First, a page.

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#52 Telemetry in the Cloud
on Mon Jun 07 2021 17:00:00 GMT-0700 (Pacific Daylight Time)
with Darren W Pulsipher,
Darren Pulsipher, Chief Solution Architect, Intel, talks to Josh Hilliker, Director of Cloud Solution Architects at Intel about using telemetry in the cloud to maximize value and efficiency.
The CSA role is hot in the industry right now, and Intel has been hiring a team of CSAs to provide value to their customers. CSAs can help customers avoid the lift and shift mentality that leads to unnecessarily high costs. These new CSAs bring an external perspective and connect with the larger CSA community to problem solve.
Telemetry in the cloud should not be relegated to your cloud service provider. For example, Amazon Web Services (AWS) had a major outage on the East Coast last November, and their tools weren’t reporting, so many customers had no idea they were down. Organizations need their own telemetry for monitoring.
The first phase is no monitoring in the cloud. The second is exposure of telemetry where you understand what you are getting, for example, CPU, memory, and network, but it’s surface level. The next phase is monitoring and action, where you get notifications about slowdowns, transaction rates, response rates etc. The next phase is further down the stack where the modern intelligent cloud controls and predicts for remediation. Last is complete automation. This is where things are operating on their own, listening, responding, and then informing after the fact.
An example of complete automation would be a data center that controls an HVAC system, sensing and reducing or increasing temperature in different parts of a building. For workloads, an intelligent cloud can move the workloads around to maximize value in capacity and performance.
Many times, however, customers of cloud service providers relegate automation at the infrastructure layer and forget the workload layer. Clients need information beyond just the vitals; they need deep, rich telemetry to know what’s really going on. It’s a mistake to rely on the cloud service provider to have your best interest in mind concerning telemetry, and this can manifest in high costs.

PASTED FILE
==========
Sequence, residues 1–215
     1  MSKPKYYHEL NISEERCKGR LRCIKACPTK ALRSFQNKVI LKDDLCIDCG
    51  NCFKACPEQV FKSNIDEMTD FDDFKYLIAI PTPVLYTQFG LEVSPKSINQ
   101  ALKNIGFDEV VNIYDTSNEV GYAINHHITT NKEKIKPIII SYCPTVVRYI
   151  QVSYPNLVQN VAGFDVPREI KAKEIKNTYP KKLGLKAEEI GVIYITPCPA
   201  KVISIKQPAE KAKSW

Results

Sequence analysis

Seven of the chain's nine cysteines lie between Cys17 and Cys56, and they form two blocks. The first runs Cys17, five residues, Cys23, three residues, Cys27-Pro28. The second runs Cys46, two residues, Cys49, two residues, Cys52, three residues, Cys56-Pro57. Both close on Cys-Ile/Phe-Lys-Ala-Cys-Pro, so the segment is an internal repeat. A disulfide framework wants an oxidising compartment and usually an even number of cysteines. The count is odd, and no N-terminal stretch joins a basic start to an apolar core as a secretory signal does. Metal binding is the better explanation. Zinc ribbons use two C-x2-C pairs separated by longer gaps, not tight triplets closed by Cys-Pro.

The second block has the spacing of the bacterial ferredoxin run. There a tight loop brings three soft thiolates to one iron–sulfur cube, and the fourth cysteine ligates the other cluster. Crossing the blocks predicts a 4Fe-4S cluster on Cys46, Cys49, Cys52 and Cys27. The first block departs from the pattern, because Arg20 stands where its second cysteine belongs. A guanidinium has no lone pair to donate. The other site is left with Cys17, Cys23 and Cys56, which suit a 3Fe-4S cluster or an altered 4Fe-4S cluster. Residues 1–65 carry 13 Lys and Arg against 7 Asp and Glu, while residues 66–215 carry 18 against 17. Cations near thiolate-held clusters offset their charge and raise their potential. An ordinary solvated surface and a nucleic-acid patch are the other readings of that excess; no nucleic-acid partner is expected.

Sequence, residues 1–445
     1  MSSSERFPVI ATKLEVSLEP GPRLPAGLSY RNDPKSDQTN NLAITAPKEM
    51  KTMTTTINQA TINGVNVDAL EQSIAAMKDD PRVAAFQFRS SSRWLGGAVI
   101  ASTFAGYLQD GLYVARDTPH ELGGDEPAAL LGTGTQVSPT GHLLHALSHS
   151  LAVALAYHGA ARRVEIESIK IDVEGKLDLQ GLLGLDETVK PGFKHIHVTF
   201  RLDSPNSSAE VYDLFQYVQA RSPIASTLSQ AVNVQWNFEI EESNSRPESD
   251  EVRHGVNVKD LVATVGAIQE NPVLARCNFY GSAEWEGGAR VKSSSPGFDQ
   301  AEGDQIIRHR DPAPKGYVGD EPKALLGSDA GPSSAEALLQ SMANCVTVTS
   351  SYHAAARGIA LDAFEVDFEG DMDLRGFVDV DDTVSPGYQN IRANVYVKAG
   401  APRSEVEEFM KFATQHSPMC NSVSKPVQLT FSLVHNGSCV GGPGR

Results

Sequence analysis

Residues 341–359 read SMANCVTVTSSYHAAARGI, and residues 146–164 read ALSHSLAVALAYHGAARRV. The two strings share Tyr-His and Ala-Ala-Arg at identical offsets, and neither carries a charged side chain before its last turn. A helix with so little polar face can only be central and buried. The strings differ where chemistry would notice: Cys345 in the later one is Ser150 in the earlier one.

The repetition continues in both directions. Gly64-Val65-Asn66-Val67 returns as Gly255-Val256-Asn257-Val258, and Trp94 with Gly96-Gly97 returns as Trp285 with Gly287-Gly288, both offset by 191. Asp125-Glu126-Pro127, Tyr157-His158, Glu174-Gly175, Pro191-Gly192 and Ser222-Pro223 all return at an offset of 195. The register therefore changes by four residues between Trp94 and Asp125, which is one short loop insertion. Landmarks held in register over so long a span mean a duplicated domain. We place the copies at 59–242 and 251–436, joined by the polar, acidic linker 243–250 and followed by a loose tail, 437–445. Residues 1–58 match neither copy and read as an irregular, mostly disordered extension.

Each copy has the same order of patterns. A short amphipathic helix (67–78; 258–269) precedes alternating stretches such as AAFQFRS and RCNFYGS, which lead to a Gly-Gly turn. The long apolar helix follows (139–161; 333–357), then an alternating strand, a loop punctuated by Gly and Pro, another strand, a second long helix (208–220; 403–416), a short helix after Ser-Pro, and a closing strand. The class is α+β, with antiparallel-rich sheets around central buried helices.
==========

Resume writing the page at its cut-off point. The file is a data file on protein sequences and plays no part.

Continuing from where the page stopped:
Some cloud service providers are opening up more. Currently AWS is a game changer in the telemetry they are providing. Hopefully, others will follow suit.
Picking the right instances matters. Not all cores are created equal; different cores are used for different things, and it’s important to understand what they are to get the best performance and price.
What kind of information can you collect? Intel’s product design includes performance monitoring units (PMUs). These are sub-level counters, and they provide information about transactions, delays, latency, and bottlenecks. There are three different camps in PMUs: core, off core, and uncore. These PMUs collect information on CPI, utilization, frequency, and TMAM. All of this data is available using AWS.
Using metrics, real telemetry, is a tool to help you optimize your workloads. You could compare how your workload is running in your own data center, for example, to AWS in these instances, and run metrics to find out on which platform the workloads should land.
Layering telemetry with benchmarking is an ultimate solution. With benchmarking, you can know your output, and with telemetry, you can look at CPI, utilization, and frequency, and you have the full dashboard of what is happening. You want to do the same thing in the cloud, rather than just dropping workloads onto a seemingly cheaper instance.
IT professionals should not fear losing their jobs because things are moving to the cloud. Instead, they should transfer their skills to learn about benchmarking telemetry rather than having a lift and shift mentality. Becoming proficient in cloud utilization also involves using cloud native features such as Kubernetes and containers. Telemetry works in these areas as well. With Intel’s C advisor, you can get rich telemetry like the core and off core data from your containers.
Although it’s a bit daunting when you look at everything that is possible in the cloud, starting small is your best bet. Look at the right applications based on risk. Catalog your apps, look at the tiering of applications, and then start to shift them over to the cloud in sizable chunks of like functions and apps. As you look at new services and learn new applications, consider the architecture behind them and ask the right questions so you are a more informed technical architect.